McCoy saw the crevice at the base of the wall the same time Scott did. They approached it, Scott bringing the lamp close. They heard a muffled sound as the light fell into the narrow crack.
"It's a child!"
"A little lass," Scott's voice was filled with a mixture of wonder and empathy. "She must have wandered off from the others. Och! She's just a wee bit of a thing. Come here, darlin'."
The child cringed back as far into her hiding place as possible, eyes round with fear.
"Can you reach her?" McCoy asked, taking the lamp as Scott settled onto the floor of the cave. The engineer wriggled his head and shoulders into the small opening, stretching one arm as far as he could.
"I can brush her with me fingers, but I canna get a grip to pull her out."
McCoy peered over Scott's head into the crevice. "Do you think she's stuck?"
"No, I think she's just a frightened lass, too scared to even move."
"If we could get a transporter lock--"
"Not at this depth," Scott dismissed.
"Come to Montgomery, lassie," Scott pleaded, straining against the immovable rock.
"Come on, darlin'," McCoy encouraged. "We won't hurt you. We just want to take you somewhere safe."
The only response to their cajoling was a muffled sob.
Scott twisted slightly, looking up to meet McCoy's gaze. "How long?"
McCoy consulted the tricorder. "Five minutes. Scotty, what--"
Scott waved him into silence with his free arm.
For an instant that seemed far too long, there was no sound at all in the cave, then Scott's voice rose, light and lilting, echoing off the walls around them. He was singing a Gaelic ballad McCoy had heard him sing before. The doctor always liked the little tune, but here the acoustics transformed the engineer's gentle tenor into something quite special. The lyrics, gibberish to McCoy, were unimportant. The warmth and comfort that the ballad projected required no understanding of the words. Whatever message it was originally intended to express was unimportant; its purpose now was as clear as the nose on McCoy's face. It was love in its purest musical form; a lullaby.
"Dwyres diriou o forwynion, duon brithion, teccaf bro
O borfa fras y dalar las feill ionig,
A Gwen yn godro'r deuddeg yn eu tro."
Scott completed the first verse, his voice quavering on the final note for an instant before he launched into another. McCoy should have been chaffing with impatience. He should have been doing something constructive. He should have been looking at the time they had left. But the peace that had suddenly descended over him forbade such action. Something in this folksong spoke to the child in McCoy, evoking memories of magnolia blossoms and the honeyed voice of his mother singing him to sleep. Scotty's lullaby reassured him, just as his mother's had so long ago, and told him that everything would be just fine.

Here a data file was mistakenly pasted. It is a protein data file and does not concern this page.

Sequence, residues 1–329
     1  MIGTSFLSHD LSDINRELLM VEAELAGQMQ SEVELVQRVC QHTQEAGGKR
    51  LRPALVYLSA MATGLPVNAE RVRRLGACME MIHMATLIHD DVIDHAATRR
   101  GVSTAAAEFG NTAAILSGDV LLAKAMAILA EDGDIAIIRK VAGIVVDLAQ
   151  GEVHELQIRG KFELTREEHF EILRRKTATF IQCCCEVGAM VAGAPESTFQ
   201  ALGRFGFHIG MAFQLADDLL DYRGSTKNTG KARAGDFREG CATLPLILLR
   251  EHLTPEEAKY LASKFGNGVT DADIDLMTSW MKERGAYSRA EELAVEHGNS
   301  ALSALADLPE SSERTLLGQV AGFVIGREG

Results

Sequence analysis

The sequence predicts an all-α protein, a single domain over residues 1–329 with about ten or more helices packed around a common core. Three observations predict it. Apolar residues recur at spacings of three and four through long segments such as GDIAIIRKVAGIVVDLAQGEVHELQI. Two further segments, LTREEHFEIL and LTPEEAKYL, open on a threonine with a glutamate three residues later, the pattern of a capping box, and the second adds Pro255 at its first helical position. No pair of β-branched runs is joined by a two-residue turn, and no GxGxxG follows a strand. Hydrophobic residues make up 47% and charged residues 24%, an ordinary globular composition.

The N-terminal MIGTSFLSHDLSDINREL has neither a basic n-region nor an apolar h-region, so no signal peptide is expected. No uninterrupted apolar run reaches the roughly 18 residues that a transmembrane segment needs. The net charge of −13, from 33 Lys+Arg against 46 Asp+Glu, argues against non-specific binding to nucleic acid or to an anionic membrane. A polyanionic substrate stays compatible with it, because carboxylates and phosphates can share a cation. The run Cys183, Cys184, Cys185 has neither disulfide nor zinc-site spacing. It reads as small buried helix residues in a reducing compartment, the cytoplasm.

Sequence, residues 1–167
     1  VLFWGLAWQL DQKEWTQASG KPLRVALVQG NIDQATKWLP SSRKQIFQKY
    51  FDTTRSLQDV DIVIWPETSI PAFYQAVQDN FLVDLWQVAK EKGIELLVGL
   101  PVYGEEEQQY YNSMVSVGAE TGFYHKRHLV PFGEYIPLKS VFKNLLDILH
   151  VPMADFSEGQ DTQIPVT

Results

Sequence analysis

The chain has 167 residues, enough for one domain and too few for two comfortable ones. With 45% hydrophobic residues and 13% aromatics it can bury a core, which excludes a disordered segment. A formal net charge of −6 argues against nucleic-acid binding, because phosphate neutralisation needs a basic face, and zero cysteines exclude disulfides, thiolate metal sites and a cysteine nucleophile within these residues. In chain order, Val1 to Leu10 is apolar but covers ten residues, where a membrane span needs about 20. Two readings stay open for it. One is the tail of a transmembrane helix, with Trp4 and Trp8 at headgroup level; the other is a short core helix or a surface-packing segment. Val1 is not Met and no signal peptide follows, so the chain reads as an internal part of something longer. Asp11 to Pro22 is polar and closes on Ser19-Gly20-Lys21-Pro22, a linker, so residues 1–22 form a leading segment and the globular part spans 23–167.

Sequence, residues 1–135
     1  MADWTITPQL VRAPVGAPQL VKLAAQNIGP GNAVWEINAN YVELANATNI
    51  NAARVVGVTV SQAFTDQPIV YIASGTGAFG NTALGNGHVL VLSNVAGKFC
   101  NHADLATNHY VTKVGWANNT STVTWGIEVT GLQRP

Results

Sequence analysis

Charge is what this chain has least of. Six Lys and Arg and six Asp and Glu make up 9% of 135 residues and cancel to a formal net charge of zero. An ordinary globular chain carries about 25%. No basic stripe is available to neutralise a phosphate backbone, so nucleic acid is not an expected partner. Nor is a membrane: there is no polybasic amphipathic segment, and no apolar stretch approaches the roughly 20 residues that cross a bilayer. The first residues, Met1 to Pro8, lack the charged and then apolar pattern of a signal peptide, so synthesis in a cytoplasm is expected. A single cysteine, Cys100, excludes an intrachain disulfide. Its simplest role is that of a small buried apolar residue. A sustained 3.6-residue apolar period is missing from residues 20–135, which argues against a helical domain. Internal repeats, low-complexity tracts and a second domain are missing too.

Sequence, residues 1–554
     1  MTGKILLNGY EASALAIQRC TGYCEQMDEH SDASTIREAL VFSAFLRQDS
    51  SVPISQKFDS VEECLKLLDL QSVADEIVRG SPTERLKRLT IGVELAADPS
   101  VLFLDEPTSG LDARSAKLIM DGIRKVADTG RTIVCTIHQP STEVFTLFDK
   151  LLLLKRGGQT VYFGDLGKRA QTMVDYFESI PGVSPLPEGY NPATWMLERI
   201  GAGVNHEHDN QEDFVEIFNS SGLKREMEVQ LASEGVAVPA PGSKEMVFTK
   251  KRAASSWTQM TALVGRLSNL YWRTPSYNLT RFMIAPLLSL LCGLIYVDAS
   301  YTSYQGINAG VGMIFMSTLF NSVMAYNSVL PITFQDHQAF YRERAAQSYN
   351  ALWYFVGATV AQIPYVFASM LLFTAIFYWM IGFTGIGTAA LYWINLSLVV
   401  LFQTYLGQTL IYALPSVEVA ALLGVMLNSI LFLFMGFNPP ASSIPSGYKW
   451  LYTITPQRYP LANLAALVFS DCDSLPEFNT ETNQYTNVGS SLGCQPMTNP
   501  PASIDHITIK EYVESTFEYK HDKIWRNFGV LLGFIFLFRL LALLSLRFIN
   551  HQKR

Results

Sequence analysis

Leonard McCoy, a seasoned veteran of the school of hard knocks, a man who had seen too many people die, too many dreams fail, one of the staunchest believers of Murphy's Law, was suddenly filled with a certainty that all three of them were going to get out of here in time.
When the serenade halted mid-note, McCoy shook himself out of his daze to see Scott pulling a sobbing little girl out of the crevice. The child was shivering and clinging to the engineer as tightly as the sand bats of Manark Four clung to the cliffs of their rocky world. She was free, and alive.
McCoy consulted his tricorder through tears of relief that momentarily clouded his vision. Scott's lullaby had taken less than a minute.
"There, now." The Scot's voice was muffled by the tiny arms that had entwined themselves around his neck. "It's gonna be fine, darlin'. Uncle Montgomery's gonna take care of ye. Don't cry."
They made it to the beam-up point with a minute to spare, and as the two officers stood side by side, waiting for Kyle to lock on to their coordinates, McCoy turned to Scott. The engineer was still holding the child, but she had fallen asleep in his embrace. McCoy smiled as he met Scott's gaze.
"You saved her life, Scotty..."
"Not a bad day's work," Scott said softly, tilting his head to rest one cheek against tousled curls. "She's a bonnie wee little thing, isna she, Leonard?"
McCoy smiled. "Worthy of the finest lullaby this side of the Neutral Zone." The crooked smile deepened. "Which is precisely what she got."
With a sparkle of light that glittered against the gray rock walls, the transporter carried them away.
Free counters provided by Andale.
Return to the index of ORION ARCHIVES --
2266-2270 The First Mission
Return to the index of ORION ARCHIVES On-Line Fiction
Click Here to Return to the Orion Press Website